So, the one such noteworthy incident. I was out with a guy who I’d hung out with before, and as soon as I mentioned I wasn’t drinking I noticed a slight change, nothing major so I carried on drinking my sparkling water.  When we broached the topic of whether drinking was a necessary part of dating his response was ‘well it’s not a big deal for the guys not to drink, but its good to ply the lady with a drink or two so she loses her inhibitions’. Eww. Screams #metoo vibes to me.

And the worst thing about the whole episode. On a good day, even me with my low alcohol tolerance, I’d drink this geezer under the table. Inhibitions. Haha. He’d probably be getting his stomach pumped while I was busy drunkenly smashing McDs into my face (now do you see how I get FAT so easily!)

Booze Allows You To Tolerate More BS Than You Should. Without It You Desire To Date Half-Heartedly Diminishes.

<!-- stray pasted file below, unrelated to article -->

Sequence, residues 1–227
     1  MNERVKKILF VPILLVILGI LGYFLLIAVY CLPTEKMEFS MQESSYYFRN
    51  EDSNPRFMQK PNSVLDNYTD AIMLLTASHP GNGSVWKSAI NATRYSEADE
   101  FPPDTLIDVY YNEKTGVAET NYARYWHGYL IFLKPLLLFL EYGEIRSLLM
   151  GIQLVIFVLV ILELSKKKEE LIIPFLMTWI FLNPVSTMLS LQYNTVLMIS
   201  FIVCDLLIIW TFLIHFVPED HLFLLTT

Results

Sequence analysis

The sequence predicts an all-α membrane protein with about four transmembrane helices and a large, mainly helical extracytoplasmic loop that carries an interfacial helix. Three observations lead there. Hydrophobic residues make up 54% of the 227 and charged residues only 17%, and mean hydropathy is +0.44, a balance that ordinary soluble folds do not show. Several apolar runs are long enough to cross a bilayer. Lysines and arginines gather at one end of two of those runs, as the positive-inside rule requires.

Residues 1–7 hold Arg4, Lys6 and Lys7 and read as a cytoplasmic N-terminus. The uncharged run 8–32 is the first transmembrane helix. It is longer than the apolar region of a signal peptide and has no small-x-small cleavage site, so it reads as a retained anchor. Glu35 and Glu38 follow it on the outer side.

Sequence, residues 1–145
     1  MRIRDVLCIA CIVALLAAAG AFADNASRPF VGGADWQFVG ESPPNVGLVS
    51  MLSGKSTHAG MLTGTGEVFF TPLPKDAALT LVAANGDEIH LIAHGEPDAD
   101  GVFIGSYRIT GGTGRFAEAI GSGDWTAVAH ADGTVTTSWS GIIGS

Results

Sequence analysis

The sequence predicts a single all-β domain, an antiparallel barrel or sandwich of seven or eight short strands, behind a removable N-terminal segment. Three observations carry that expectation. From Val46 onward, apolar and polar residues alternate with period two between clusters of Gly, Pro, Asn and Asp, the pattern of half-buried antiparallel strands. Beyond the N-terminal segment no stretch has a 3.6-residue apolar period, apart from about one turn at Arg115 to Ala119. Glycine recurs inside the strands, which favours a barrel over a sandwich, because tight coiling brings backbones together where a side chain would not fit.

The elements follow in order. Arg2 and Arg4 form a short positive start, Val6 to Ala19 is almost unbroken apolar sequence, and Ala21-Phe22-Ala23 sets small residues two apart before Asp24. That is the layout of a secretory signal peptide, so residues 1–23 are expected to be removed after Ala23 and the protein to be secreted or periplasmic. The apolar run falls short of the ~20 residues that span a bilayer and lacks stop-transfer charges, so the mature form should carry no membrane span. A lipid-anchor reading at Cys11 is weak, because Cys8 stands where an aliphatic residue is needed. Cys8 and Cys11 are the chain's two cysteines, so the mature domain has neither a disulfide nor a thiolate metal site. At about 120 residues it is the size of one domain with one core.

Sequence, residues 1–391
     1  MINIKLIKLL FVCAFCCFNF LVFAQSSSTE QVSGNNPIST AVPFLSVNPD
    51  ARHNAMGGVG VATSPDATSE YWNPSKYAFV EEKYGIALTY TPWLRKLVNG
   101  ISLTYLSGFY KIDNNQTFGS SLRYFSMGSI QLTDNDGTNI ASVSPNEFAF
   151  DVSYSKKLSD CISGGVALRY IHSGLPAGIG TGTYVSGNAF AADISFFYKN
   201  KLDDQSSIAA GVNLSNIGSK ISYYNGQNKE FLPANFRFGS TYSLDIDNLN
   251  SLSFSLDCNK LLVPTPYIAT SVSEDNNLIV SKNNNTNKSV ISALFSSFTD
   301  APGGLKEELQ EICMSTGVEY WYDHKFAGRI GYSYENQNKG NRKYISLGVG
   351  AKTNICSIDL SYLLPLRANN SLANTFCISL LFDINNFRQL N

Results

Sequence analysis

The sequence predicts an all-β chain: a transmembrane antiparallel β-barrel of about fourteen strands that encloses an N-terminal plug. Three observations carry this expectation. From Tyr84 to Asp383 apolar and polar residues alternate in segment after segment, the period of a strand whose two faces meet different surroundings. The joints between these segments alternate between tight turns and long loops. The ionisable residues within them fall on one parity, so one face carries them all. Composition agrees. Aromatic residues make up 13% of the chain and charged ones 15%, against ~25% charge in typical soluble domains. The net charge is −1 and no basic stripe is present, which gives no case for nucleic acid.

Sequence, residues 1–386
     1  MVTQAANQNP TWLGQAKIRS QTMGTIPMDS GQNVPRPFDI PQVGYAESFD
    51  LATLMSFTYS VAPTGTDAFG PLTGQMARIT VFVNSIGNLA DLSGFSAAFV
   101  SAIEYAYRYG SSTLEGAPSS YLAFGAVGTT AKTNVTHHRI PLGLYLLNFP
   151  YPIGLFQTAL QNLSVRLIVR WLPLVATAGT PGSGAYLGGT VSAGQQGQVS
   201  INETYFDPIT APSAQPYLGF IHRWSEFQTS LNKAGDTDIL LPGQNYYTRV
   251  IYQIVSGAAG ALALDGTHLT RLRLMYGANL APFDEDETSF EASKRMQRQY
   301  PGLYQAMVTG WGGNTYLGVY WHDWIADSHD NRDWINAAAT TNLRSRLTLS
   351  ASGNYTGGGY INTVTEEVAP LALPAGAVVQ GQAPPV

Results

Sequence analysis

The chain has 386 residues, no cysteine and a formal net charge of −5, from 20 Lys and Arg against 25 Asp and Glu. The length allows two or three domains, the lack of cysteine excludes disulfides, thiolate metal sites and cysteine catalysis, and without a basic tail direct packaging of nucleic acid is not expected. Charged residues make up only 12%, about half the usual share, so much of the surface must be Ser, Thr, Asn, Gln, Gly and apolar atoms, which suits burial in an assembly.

So, I’ve never been one to sit at home and complain about Tinder, while having never ever been on a date. I don’t believe you can ever say you’ve been unlucky in love when actually you are just lazy AF. I’ve always had this attitude that dating is a numbers games so you have to put yourself out there, if you ever hope to get lucky.

However, sometimes it’s hard. I’ve always motivated myself with booze. There are plenty of better things I can do with my life than go out of a random date which may or may not have a positive outcome. There is enough in my life that guarantees me a good time (and probably a lot less frustration) – running, gyming, bitching and moaning with my friends. So, I’ve often used alcohol as an incentive to go on dates (sometimes even to wine estates) with guys I wasn’t 100% into. I was basically telling myself that at least I’d be rewarded with a glass of wine and maybe something more, but I didn’t then that was OK because I’d have my old friend, wine by my side.